Beforeproceeding with specific examples illustrating our invention, it may be well to indicate in general the nature of the materials required inthe. process.

Any of the alkali-metal salts of Z-mercaptobenzothiazole may be used in the process of-our invention. 'Examples of specific salts which are preferred because of cost and availabilityinclude the sodium and potassium salts.

Suitable amides foruse in the compositions of this invention are those having the following "structure.

0 /R on, cm rh-N 'boxylic acids and the' amines at temperatures ofabout 200 C. At these temperatures the water of reactionis simultaneously removed as it is formed. Alternately, carboxylic acid esters, such as the methyl or ethyl esters,-may be reacted with the amines at temperaturesbetween about 150 C. and about 200" C. while removing thev alcohol that is formed during the course of'the reaction. Excel lent yields of the amides are formedin "these reactions and it is not usually necessary to purify'the amides. These amides are low-melting, waxy solids which have varying degrees of water solubility and whichare extremely soluble in polar organic solvents.

7 Although many acids and many amines can be used to prepare amides, we'have found that'the most effective alkanolamides for use inour invention .in combination with alkali-metal salts of 2-merca'pt'obenzothiazole are those prepared fromprimary or secondary alkanolamines containing from 2 to6 carbon atoms and one amino group. Mixtures of such amines are equally suitable. Generally, because they are availablein large quantities and at economical prices, weprefer to use an alkanol amine such as monoethanolamine or diethanolamine.

. Other amines which rnay be-used include isopropanolpreviously and the new compositions are compatiblewith almost all papermill systemsand pitch, alumina, and calacids are usually obtained from natural sources, suchas babassu, coconut, and'palm kernel oils, but synthetic acids amine, 'diisoprop'a'nolaminc, n-propanola'mine,' di-n-propanolamine and. N-methyl 2 hydroxyethylamine. Acids which may be used in preparing suitable amides are normal, saturated, monoba sic, carboxylicacids containing from 6 to 12'ca'rbon atoms or mixtures of'such acids. If the amide is considered'as being derived from an amine and a carboxylic acid, a suitable amide 'for use inour invention may 'be'define d as an amideof an alkanolamine containing from 2 to 6 carbon atoms and one amino group and a normal, monobasic, saturated carboxylic acid containing from 6 to 12.carbon atoms. Although any car.-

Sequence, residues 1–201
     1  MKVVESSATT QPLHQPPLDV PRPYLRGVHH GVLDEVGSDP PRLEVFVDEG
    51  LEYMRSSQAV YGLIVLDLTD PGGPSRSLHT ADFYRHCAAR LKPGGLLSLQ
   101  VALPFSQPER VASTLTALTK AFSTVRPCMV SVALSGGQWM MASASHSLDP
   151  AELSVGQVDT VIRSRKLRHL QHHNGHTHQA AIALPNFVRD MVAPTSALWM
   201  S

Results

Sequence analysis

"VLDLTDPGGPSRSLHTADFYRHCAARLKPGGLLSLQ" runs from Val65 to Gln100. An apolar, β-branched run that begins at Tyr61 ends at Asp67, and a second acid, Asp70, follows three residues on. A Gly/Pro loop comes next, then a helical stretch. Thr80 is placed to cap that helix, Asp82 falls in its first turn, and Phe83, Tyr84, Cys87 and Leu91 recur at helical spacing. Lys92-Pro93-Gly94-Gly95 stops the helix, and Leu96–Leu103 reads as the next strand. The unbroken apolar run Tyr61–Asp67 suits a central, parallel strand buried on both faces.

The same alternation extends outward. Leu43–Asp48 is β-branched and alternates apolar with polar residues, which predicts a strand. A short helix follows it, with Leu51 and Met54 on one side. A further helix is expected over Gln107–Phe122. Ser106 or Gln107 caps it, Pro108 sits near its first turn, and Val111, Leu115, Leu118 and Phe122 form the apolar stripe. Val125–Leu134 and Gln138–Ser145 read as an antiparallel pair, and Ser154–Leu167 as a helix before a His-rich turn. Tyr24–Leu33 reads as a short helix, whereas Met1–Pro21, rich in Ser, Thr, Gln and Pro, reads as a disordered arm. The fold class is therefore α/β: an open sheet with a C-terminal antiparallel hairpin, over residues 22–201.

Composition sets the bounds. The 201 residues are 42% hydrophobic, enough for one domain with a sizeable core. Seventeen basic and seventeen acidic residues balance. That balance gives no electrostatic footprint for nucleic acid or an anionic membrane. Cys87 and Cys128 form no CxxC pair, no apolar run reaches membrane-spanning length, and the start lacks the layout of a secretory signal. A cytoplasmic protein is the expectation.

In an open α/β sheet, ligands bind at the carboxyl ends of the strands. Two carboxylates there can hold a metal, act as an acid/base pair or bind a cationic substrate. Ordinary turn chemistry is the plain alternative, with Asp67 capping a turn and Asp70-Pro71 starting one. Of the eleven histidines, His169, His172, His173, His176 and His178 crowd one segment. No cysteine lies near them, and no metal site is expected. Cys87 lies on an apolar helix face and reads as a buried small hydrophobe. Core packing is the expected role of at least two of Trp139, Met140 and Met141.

' boxylic acid asdefined above may be used, preferred acids are caproic, caprylic, pelargonic, capric,-lauric, and mix tures thereof. 'A mixture of acids containing primarily caprylic and capric acids is'particularlyeffective. These are equally satisfactory. When acid mixtures 'are used in preparing the amide, the relative amounts ofeach of the acids'making up the acid-mixture maylvary rather widely without any material effect on the effectiveness of the inhibitor composition. In Examples 1, 2, and 6 the samples of fractionated coconut oil acids used-consisted of acid mixtures comprising caprylic and capric acids plus small amounts of other acids as follows:

The amount of each of the two components making up the corrosion inhibitor may vary from 20 to 80 parts of the alkali-metal salt of Z-mercaptobenzothiazole admixed with 20 to 80 parts of the alkanolamide. Somewhat better results are attained when the ratio of the two components making up the corrosion inhibitor varies from 40 to 60 parts of the former and 40 to 60 parts of the latter. Parts as used above, in the following examples, and in the appended claims are parts by weight.

When the corrosion inhibitor composition of our invention is used in conjunction with a Fourdrinier papermaking machine, it may be added to the aqueous fluids circulating in the machine in such a quantity to maintain a concentration of the inhibitor of at least 0.5 to 100 p.p.m. An equivalent quantity of the inhibitor (0.5 to 100 parts of inhibitor per million parts of well fluids) is also suitable for use in waterflood operations. Larger quantities of the inhibitor may be used, but such is not practical because costs are increased thereby with no corresponding beneficial results.

When the corrosion inhibitor is added to the water shower system, the concentration employed is usually N-(Z-hydroxyethyl)capramide, about 45 parts of water, and about 5 parts of acetone. One purpose of the organic solvent is to insure stable solutions at low temperatures. As will be obvious to those skilled in the art, the alcohols and the glycols listed may be used for this purpose with equal facility.

In order to disclose the nature of the present invention Still more clearly, the following illustrative examples will be given. It is to be understood that the invention is not to be limited to the specific conditions or details set forth in these examples except insofar as such limitations are specified in the appended claims.

Example 1 Fourdrinier wire samples were cut into in. x /1 in. pieces, washed with petroleum ether and dried under vacuum. The dry samples were then weighed to 0.01 mg. with a semi-micro balance and each was immersed in 100 ml. of a solution containing 250 ppm. of a combination of potassium Z-rnercaptobenzothiazole and the N-(Z-hydroxyethyl)amides of a mixture of saturated fatty acids having the composition listed in Table 1. In this example, the parts of potassium Z-mercaptobenzothiazole and parts of the N-(Z-hydroxyethyDamides included as active ingredients varied from 100 to 0 and 0 to 100 respectively.

Each solution was adjusted to pH 5.0, 6.5, or 8.0 with aluminum sulfate or sodium hydroxide solutions. The wires were maintained in the solutions for 15 hr. at 40 C. At the end of this period, the Wires were removed, rinsed with water, air dried, and weighed.